These things are delicate, very delicate. They usually last less than a day. Wind, water and animals destroy them just by touching them.
They can be very hard to photograph. Get too close and they sway in the light breeze you created. Get even closer, touch them and they fall apart. Stand over them to make a picture like this one and your shadow makes them too dark, which is why you should wait for an overcast day.
It’s a timing thing. It always comes down to timing. I suppose that’s what I call photographer’s luck. Look one way and you see the picture. Look the other and… nothing.
When I post to Instagram, it’s all New Orleans culture and locations. Yesterday, I posted a picture of a Black Masking Indian that I made during Big Chief Bo Dollis’ funeral.
A woman who is a friend of a friend really liked it. She said so. I thanked her and replied, “Photographer’s luck.” She replied with “LOL,” and some laughing emojis.
She mostly photographs birds and flowers.
She has no idea how hard it is to work in the street during any of the cultural events that I photograph. I always liken it to working in a rugby scrum. There’s pushing and shoving. There’s twisting and turning. There’s looking and seeing nothing.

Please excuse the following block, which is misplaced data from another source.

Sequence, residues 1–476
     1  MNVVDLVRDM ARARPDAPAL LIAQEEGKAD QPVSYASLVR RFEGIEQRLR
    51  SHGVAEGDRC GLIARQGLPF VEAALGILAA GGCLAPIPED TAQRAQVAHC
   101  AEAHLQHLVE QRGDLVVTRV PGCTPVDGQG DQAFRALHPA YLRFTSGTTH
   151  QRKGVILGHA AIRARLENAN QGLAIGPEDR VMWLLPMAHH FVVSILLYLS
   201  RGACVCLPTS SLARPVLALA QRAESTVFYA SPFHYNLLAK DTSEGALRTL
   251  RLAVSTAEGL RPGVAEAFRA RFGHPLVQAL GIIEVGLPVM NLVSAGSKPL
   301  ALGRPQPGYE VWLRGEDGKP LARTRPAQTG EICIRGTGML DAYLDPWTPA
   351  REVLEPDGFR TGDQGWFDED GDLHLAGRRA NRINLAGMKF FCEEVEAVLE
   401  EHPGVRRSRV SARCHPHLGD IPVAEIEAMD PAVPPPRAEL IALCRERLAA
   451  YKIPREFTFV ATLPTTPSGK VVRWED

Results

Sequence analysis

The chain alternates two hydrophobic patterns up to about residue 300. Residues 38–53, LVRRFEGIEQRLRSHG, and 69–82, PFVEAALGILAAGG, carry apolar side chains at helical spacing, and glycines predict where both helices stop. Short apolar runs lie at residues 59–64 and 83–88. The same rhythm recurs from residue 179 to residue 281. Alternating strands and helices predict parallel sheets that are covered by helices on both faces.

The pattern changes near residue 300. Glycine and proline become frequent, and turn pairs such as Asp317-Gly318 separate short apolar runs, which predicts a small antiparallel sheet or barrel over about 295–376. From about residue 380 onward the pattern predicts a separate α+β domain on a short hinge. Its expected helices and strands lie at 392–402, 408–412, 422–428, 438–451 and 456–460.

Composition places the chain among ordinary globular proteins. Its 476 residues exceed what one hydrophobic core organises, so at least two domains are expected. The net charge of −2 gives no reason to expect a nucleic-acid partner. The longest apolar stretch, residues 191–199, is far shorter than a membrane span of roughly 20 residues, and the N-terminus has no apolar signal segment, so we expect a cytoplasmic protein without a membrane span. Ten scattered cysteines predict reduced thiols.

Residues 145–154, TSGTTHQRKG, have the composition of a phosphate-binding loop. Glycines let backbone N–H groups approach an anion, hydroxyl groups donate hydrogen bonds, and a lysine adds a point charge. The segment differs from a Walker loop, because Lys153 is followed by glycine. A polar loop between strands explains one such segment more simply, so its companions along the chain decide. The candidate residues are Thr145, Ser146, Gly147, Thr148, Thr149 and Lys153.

Making a picture in that environment is damn near impossible. And yet, we do it. Almost every Sunday. Or, at least, we did. Maybe, soon, we will once again.
I still say that after not being able to properly mourn our New Orleans dead for over a year that we need one giant second line and jazz funeral. God’s own second line. Twenty divisions. All the social aid and benevolent societies. All the Indians. All the brass bands. Let it stretch from one end of the city to the other. Thousands of people watching and dancing.
Wouldn’t that be something?
And, that’s how I got from a dandelion to New Orleans culture.
As I wrote on the other side it’s hard to photograph these delicate little wildflowers.
They are easy to find during springtime, but you have to work carefully in order to get even as close as this picture is to photographic perfection. And, that’s not very close.
Even as good as the base exposure was, the picture needed help. It looked too thin to my eye.
So, I layered it. I layered one finished layer over another. The picture looks richer and fuller. And, it doesn’t really look that over done.
I fine tuned it a little and I was done.
It didn’t take all that long to do the work, but I had some idea of where I wanted to go which wasn’t far.
Stay safe. Stay strong. Stay mighty. Wear your mask. Wash your hands. Keep your distance. Get your jabs. Look after each other. Be patient. Enjoy all your days because you never know.